I Failed My Field Sobriety Test…Is My DUI Case Hopeless?

Jun 19, 2023 | DUI

If you’ve recently been arrested for DUI, chances are that the officer who pulled you over asked you to complete a series of actions to determine if you were intoxicated or not. These are called field sobriety tests (FSTs) and usually involve assessing your balance, coordination, and ability to multitask. Many people are under the impression that if they fail their field sobriety test, they will automatically be found guilty in their DUI case. However, there are many well-known issues with FSTs, and an experienced DUI lawyer may be able to fight against your field sobriety test being used against you in court. So, don’t give up and plead guilty yet! Keep reading for more info on FSTs and learn how our DUI attorney will fight to get charges reduced or dismissed. 

What Is A Field Sobriety Test?

As already stated, field sobriety tests are the tasks an officer gives to a driver to determine their level of sobriety or intoxication. There are several types of “tests” an officer could give, and many times they will be administered in a group of 3. The most commonly used types of FSTs are:

  • Horizontal Gaze Nystagmus Test: the officer holds up a finger and asks you to watch it closely as they move it back and forth. They are observing the movement of your eyes to see if it is jerky or inconsistent. This is usually considered a sign of intoxication.
  • Walk-and-Turn Test: the officer asks you to walk heel-to-toe for a certain number of steps and then turn around. They will watch to see if you lose your balance, fail to touch heel-to-toe, walk the correct amount of steps, and other indicators of impairment.
  • One Leg Stand Test: the officer will ask you to lift one leg off of the ground and count to a specified number. They will watch to see if you were swaying, put your foot down, or hop to maintain balance – all of which are supposed indicators of intoxication.

Problems with Field Sobriety Tests

Even though these tests are used to determine whether an officer will arrest someone for intoxicated driving, there have always been issues with the validity of these tests, leading many to question why they are still used and if they should continue to be admissible evidence in court. Most of the problems with FSTs can be summed up in the following three ways:

  1. Medical conditions or other physical ailments could cause you to fail. Two out of the three tests mentioned above require an individual to perform a physical task that they may not even be able to complete sober. Many people are simply uncoordinated, and may not easily stay balanced. They could also have a legitimate physical or medical reason why they would not be able to perform the tasks to the officer’s standards, which leads to problem #2.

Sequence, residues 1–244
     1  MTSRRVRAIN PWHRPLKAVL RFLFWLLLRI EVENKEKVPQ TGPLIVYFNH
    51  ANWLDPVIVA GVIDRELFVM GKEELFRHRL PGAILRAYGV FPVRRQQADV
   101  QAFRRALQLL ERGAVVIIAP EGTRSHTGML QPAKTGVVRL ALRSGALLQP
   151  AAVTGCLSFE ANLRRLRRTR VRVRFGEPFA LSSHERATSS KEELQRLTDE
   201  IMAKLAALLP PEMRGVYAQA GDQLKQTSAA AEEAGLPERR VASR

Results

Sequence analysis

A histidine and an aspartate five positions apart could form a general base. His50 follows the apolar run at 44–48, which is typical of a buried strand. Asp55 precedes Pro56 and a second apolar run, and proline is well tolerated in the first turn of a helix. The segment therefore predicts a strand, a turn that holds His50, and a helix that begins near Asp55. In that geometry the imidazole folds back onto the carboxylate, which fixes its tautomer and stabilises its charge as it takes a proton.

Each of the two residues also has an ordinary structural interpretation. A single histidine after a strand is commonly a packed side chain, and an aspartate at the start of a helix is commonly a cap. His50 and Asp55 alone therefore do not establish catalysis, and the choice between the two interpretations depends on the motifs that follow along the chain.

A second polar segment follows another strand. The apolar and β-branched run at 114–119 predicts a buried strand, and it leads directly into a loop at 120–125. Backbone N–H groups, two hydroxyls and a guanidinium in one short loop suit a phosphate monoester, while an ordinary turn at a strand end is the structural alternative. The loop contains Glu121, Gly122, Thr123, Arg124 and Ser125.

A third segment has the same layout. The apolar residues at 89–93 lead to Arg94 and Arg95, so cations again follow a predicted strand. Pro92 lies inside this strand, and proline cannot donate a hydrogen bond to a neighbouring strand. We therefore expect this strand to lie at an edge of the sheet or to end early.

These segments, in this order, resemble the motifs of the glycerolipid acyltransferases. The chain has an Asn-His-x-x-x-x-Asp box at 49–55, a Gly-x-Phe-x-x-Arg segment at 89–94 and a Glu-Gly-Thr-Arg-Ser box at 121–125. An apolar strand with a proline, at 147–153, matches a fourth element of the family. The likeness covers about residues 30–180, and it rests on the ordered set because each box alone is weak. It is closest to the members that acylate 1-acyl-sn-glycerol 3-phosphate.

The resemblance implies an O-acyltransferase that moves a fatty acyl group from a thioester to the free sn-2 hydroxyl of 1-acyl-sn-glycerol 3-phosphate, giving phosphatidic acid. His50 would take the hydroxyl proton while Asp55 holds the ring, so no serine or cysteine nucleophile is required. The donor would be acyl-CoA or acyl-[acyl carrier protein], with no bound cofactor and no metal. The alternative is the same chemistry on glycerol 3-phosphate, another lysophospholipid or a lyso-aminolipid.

2. The results are dependent upon each officer’s ability to administer the tests proficiently. In other words, these tests are highly subjective. An officer who has only been on the job for two weeks may not be as practiced in administering the tests or identifying the signs of intoxication as proficiently as an officer who has been on the job for 20 years. While it is the hope that police officers are acting objectively and professionally, they are still humans, and all humans are prone to mistakes every now and then. However, we shouldn’t be risking an individual’s reputation and more on the “hope” that their test was administered objectively and correctly.
  3. The tests are always performed in an uncontrolled environment. Think about it: you have no control over where the test is performed and what kind of interference there could be from any number of sources. If you are on a busy street at night, your eyes may focus and refocus every time a car’s headlights go by. You could also be in an open area on a bright and sunny day, which causes a glare to affect your eyes. Both of these scenarios could cause you to fail the horizontal gaze nystagmus test. In short, the physical conditions cannot be controlled any time an FST is completed. It is scientifically incorrect to take the results of an FST at face value. 

How Are Field Sobriety Tests Used In A DUI Case?

Thankfully, courts do take into account the high margin of error that is usually associated with these tests. First, your DUI attorney would determine whether or not the officer had reasonable suspicion to pull you over in the first place. If they did not, then your having to complete the FST may fall under question. In addition, even if the officer did have reasonable suspicion and you performed poorly on the tests, your attorney may be able to argue against the results. 

They may be able to identify factors regarding the test that affected the administration or your performance. Furthermore, evidence that you have a physical or medical condition which caused you to have poor performance on one of the tests may weaken the case against you. Your attorney may also return to the location of the test at the same time it was performed to note if factors of the environment were at play. Finally, they could simply argue that you were nervous in the presence of law enforcement and were not in the right frame of mind to complete the tests successfully. Any of these defenses could prove effective with the right lawyer presenting them. 

Our Experienced DUI Lawyer Can Give You Hope

At Alatorre Law, we don’t believe any case is hopeless, especially when it comes to failed field sobriety tests. We will closely examine the conditions of your DUI arrest and ensure that there was a valid reason you were suspected of driving under the influence. Our lead attorney, Javier Alatorre, has fought numerous DUI cases and is well-practiced in the best strategies to get charges reduced or dismissed. Call today to schedule your free consultation and get honest and trustworthy legal advice regarding your DUI case. 

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